I recently finished this course, and I’m learning more practical stuff now I have the necessary knowledge. Here’s what I’ve learned from my previous failed attempts at learning to program.

Spend time choosing at the start
If, instead of just launching in to the first free book on python, I’d spent half an hour looking at the options, writing up some notes on what people said, and making what seemed to be a good decision from the very start, I might have saved myself all this trouble. I certainly wasn’t thinking rationally when deciding what to use in the first place, with my decisions more weighted on what was most easily accessible.

It’s tempting just to get started straight away, but you might end up with something too technical, or assumes previous programming experience, or is paced too slowly to be interesting. Look at the recommendations of other beginners who are now showing results. And remember to consider languages such as Ruby.

Stick with your choice
This is another obvious one. A large part of what I was doing wrong was always looking for better material to learn from. There definitely were superior books to what I began with, and each time I changed I might have been moving to something better still. However, the time I lost in each attempt more than made up for any potential gains in efficiency from the superior learning resource. When you’ve chosen your course, stick to it.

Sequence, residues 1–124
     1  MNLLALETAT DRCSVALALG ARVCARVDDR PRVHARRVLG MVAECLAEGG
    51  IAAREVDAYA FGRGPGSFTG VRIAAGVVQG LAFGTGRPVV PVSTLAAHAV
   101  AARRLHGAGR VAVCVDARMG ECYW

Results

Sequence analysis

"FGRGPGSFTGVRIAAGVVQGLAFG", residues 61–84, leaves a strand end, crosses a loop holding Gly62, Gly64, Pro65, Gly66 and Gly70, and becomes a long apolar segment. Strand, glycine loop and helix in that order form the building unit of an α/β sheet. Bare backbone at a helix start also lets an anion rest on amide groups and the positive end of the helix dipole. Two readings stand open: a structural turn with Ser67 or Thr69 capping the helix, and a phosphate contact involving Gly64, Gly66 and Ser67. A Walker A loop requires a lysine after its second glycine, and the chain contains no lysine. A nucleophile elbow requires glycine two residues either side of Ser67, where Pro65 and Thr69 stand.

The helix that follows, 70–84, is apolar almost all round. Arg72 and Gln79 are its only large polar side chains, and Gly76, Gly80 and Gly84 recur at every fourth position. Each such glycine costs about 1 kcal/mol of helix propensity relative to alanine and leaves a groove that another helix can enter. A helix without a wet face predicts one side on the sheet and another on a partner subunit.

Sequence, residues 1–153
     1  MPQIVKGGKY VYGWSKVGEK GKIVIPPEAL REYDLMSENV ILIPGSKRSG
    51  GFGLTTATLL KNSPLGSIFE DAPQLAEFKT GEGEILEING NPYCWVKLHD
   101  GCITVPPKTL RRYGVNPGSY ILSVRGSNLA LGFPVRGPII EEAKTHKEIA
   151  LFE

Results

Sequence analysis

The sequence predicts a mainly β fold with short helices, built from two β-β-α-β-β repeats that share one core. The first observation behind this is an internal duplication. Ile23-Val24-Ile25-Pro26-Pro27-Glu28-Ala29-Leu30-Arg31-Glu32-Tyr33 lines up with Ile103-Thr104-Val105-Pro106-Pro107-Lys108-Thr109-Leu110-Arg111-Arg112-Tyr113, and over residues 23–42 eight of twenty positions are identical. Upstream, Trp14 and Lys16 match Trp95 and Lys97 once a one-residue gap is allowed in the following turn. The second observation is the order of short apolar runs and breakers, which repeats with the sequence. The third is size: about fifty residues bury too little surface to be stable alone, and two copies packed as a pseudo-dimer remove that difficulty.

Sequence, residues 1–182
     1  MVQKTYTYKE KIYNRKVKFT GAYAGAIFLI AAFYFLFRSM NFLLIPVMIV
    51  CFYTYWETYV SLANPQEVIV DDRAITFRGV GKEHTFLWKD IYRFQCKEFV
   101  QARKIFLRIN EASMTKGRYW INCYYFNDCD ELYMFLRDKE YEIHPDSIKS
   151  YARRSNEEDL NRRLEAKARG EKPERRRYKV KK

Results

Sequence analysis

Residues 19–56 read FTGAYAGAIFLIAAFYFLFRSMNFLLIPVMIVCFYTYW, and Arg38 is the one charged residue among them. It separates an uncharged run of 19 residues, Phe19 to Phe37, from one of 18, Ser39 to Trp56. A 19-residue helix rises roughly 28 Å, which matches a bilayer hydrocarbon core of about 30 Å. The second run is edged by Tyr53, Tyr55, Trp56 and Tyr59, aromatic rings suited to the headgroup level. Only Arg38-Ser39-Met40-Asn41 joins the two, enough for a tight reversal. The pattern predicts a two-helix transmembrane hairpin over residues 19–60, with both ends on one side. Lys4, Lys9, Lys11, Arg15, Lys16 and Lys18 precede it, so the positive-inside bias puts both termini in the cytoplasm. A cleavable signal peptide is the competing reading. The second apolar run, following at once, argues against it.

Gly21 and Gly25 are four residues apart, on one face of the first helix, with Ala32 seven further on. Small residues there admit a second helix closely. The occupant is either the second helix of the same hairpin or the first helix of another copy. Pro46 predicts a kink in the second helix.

Don’t expect to be a pro immediately
After skimming through the contents pages of some books, I saw what I would have learned by the end and thought “Then what?”I knew that variables, loops, and functions were necessary, but at the end of the day you can’t create a program that’s very useful for a novice from just such basic components. I could write some easy things, use it to solve some Project Euler puzzles, but nothing much more.

The important thing to remember is that an introductory text won’t make you a capable programmer straight away, but rather give you the skills you need to learn the actually practical stuff. It has been written to teach some programming thinking, to get the syntax down, to learn the stuff that will need to be known intimately for anything to get done. It has not been written to teach you GUI programming or game graphics.

Have something to move on to next